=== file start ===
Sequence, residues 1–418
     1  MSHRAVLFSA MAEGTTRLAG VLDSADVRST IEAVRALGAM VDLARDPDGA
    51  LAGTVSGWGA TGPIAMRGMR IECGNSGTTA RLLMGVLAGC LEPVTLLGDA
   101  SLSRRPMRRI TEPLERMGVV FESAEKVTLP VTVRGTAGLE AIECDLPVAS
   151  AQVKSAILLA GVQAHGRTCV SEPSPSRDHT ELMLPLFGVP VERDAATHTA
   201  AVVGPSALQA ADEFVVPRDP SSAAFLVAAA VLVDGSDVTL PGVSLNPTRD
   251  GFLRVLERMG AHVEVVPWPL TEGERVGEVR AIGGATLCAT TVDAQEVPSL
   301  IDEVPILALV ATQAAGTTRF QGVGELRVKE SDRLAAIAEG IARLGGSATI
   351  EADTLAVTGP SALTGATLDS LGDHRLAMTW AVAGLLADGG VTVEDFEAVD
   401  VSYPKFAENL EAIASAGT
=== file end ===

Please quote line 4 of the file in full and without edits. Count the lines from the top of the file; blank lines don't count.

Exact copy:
   101  SLSRRPMRRI TEPLERMGVV FESAEKVTLP VTVRGTAGLE AIECDLPVAS